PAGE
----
Adam Krcal, Ministry of Education, Youth and Sports of the Czech Republic, Czech Republic
Why a need for developing a quality framework?
- Massive expansion of higher education.
- Greater diversity in terms of study programmes.
- Broader spread of institutions’ social missions.
- Different types of provision to meet the needs of new student populations: distant learning programmes, changing labour patterns, re-skilling needs…
- Decentralization process in Higher Education: greater and broader autonomy.
- Chang in internal structure of Higher Education systems: more diversified, bigger institutions, budget constraints.
What is "quality" in higher education? How can we monitor it? How can we assure it?
Three main purposes of a quality framework: acountability, transparency and improvement.
Patricia Mangeol, OECD/IMHE, France
There is an increase of students in Higher Education in the OECD, which also implies upward or downward social mobility in relationship with their parents —usually upward mobility is greater than downward mobility, though the latter is existent all across the OECD.
People coming out of higher education have more/better skills in terms of literacy than those with lower levels of education. But the performance in different education levels varies quite a lot across the OECD. E.g. in the US the gap between the top and the bottom is huge. On the other hand, the top level of performance is different between countries. E.g. in Japan +30% of their higher education graduates score highest in literacy, while in Spain only less of 10% do.
Individuals with Higher Education are more employed and earn more —of course, as an aggregate.
More education is related with stating being in good health, having a say in government, volunteering at least once a month, or reporting that one can trust others. Education has strong social returns.
Is the investment in education worth? Yes, but the return of the investment —as measured in net present value— varies between the private and the public net returns. Normally, private returns are higher than public returns. But, in any case, both public and private returns are positive and generally not small.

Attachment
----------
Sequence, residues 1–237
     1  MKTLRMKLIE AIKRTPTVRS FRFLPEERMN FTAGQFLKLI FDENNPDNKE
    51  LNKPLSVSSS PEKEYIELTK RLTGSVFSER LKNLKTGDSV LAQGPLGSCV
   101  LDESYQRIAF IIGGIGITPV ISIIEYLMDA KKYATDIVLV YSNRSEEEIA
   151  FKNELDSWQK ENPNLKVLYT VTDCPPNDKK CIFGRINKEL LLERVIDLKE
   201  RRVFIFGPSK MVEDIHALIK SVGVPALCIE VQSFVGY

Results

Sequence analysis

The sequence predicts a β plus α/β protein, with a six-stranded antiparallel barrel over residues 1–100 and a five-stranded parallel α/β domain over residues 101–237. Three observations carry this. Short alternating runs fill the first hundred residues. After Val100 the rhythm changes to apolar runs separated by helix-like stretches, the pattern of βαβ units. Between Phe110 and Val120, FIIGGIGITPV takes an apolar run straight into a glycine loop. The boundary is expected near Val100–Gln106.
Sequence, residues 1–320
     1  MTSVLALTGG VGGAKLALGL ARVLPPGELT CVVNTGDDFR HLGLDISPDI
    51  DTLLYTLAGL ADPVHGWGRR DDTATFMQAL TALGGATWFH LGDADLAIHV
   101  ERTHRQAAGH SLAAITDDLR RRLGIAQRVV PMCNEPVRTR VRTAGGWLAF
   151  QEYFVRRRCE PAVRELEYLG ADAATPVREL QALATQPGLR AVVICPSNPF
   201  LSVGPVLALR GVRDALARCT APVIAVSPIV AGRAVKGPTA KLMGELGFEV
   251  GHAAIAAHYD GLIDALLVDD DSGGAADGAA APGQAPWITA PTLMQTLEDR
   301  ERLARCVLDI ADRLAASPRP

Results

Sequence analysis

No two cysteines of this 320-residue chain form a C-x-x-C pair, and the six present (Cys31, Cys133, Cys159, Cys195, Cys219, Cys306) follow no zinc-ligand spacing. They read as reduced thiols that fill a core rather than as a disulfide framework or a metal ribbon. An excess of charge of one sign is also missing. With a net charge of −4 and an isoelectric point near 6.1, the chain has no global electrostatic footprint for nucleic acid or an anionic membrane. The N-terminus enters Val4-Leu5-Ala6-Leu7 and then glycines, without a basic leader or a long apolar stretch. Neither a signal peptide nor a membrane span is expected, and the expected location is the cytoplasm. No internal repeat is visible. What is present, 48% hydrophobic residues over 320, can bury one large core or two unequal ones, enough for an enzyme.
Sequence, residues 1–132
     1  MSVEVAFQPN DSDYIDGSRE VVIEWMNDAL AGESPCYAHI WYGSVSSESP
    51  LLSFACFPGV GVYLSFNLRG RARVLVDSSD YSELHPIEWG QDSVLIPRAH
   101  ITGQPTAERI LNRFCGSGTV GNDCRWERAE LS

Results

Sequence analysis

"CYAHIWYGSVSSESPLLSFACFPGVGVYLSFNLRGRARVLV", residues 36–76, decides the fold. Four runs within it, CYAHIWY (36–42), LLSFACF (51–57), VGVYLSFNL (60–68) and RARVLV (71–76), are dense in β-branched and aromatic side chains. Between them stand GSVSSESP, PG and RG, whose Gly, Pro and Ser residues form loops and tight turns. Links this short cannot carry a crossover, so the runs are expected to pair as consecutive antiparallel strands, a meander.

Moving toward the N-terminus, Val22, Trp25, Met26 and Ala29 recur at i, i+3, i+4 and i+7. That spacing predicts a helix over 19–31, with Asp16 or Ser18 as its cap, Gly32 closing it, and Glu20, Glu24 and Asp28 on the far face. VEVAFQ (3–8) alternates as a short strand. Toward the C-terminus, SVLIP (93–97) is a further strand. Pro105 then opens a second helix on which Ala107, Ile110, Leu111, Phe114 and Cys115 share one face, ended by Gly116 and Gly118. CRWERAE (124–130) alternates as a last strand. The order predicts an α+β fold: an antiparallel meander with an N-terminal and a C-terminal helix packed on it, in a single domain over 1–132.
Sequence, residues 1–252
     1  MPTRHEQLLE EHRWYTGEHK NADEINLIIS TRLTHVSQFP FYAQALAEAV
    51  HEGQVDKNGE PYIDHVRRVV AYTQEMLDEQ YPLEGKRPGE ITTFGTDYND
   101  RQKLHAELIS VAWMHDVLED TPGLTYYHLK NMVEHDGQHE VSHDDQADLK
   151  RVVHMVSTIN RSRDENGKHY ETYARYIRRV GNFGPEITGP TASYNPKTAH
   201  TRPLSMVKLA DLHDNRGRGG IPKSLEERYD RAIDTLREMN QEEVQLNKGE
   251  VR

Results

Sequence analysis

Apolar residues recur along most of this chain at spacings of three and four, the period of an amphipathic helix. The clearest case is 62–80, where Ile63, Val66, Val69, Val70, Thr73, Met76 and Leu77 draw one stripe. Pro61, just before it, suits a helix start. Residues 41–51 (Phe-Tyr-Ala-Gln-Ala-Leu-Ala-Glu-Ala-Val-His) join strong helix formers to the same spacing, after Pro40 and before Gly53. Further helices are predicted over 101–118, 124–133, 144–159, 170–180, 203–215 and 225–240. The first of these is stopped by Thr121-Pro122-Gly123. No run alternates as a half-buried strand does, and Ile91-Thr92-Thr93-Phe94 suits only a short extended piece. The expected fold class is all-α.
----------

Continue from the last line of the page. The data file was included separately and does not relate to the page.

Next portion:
What happened with the crisis?
In general, it impacted negatively (with more unemployment) the lowest levels of education, not that much in secondary educatino and very very much less for highly educated people.
The crisis did not only impact people putting them out of their jobs, but also the public expenditure on education. In general, though, most countries kept on spending (as a % of the GDP) on education institutions despite the fall of GDP [comment: this indicator is misleading, as some countries did cut on education expenditure, but as their GDPs dropped, the ratio still looks as they did increase the expenditure on education].
26th Annual EAIE Conference (2014)
David Istance (Centre for Educational Research and Innovation, OECD)
Technology Use and Broader Models of Schooling and Learning — common arguments re-examined.
ICTs in education have been a matter of analysis and research since 1980s, including lot of work on adults and lifelong learning and technology, role of technology in higher education (especially e-learning), schools, digital literacy, curriculum change, students assessment, equipment, teacher training, leadership, open educational resources, millennium learners, etc.
More recent reports show the importance of digital literacy and competence in two ways: as a tool in itself, and as a means to achieve better performance on traditional disciplines, especially writing and reading.